At last you cry out in anguish: "Why me?" God answers: "Why not?"
You can so stand it.
After all, it's only pain.
~Sheldon Kopp, 1979
I am very good at putting my head down and sitting with discomfort, so good that I have made a small career at it. This same trait that has served me so well in my athletic pursuits and, to some degree, through law school, a trait that is so often revered as “determination”, or the “hurt locker”, has also largely been my undoing.
The problem with this approach is that, as the Buddhist author Pema Chödrön noted, "Sooner or later, we're going to have an experience that we can't control: our house is going to burn down, someone we love is going to die, we're going to find out we have cancer, a brick is going to fall out of the sky and hit us on the head." When that happens, I, like so many others I know, are conditioned to move as a response. It’s something I can control, so that’s what I do. I move. It feels better. I run or climb with the pain, but the trouble ultimately with that approach is that the pain travels with me – as I move it gains strength and therefore gets heavier, yet I keep moving. I keep moving until I collpase under the weight of it all.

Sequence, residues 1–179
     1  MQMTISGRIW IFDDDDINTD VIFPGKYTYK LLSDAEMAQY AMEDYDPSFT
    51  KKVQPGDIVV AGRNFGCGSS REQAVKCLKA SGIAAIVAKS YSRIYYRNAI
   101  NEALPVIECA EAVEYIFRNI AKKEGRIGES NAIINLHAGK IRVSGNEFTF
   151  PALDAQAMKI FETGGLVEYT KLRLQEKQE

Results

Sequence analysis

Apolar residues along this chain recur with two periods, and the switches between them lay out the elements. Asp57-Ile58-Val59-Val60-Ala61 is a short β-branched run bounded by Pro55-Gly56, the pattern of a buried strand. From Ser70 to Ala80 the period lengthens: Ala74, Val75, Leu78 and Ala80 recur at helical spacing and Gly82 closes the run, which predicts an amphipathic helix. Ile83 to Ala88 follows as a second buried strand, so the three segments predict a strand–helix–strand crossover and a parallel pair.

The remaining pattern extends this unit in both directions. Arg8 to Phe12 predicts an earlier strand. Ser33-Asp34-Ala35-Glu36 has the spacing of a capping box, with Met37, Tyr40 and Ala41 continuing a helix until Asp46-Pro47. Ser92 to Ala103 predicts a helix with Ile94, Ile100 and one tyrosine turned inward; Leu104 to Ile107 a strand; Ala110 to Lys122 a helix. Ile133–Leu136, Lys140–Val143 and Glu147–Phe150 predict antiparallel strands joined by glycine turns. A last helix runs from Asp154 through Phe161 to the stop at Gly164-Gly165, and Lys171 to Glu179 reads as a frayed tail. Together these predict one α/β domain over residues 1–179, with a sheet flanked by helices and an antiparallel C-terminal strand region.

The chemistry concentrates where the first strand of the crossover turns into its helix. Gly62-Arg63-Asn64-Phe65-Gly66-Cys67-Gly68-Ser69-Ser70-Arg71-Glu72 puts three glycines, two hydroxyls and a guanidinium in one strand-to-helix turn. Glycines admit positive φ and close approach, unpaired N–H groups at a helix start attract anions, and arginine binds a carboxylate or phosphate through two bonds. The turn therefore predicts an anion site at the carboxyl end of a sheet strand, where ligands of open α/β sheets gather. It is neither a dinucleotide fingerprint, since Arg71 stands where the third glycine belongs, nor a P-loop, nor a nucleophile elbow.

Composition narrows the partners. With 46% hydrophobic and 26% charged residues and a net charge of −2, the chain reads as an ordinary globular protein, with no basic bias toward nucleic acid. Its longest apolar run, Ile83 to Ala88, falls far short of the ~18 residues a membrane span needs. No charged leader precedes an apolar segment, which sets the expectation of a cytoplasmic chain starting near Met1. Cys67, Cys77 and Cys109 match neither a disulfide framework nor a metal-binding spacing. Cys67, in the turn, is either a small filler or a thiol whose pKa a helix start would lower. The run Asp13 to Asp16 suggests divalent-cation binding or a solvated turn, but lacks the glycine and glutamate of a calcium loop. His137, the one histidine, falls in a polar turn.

It is ironic that in Maslow’s law of the instrument they use a hammer as an analogy for problem solving – when all you can do is “hammer” to solve your problems, then all you’ll do is continue to hammer with the pain, stress and anxiety on your back, wearing you down further. Sometimes it is okay to stop. Sometimes it’s exactly what you should do.
Physical exercise and output can be a wonderful and adaptive tool when dealing with stress, but it is only one tool. Sometimes it's the wrong tool, I forget this too often.